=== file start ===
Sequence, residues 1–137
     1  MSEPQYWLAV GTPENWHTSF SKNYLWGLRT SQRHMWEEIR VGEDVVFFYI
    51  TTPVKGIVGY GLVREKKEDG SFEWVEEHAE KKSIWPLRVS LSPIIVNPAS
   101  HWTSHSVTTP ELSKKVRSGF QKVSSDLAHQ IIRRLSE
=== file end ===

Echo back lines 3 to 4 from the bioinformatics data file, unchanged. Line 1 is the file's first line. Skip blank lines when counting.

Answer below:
    51  TTPVKGIVGY GLVREKKEDG SFEWVEEHAE KKSIWPLRVS LSPIIVNPAS
   101  HWTSHSVTTP ELSKKVRSGF QKVSSDLAHQ IIRRLSE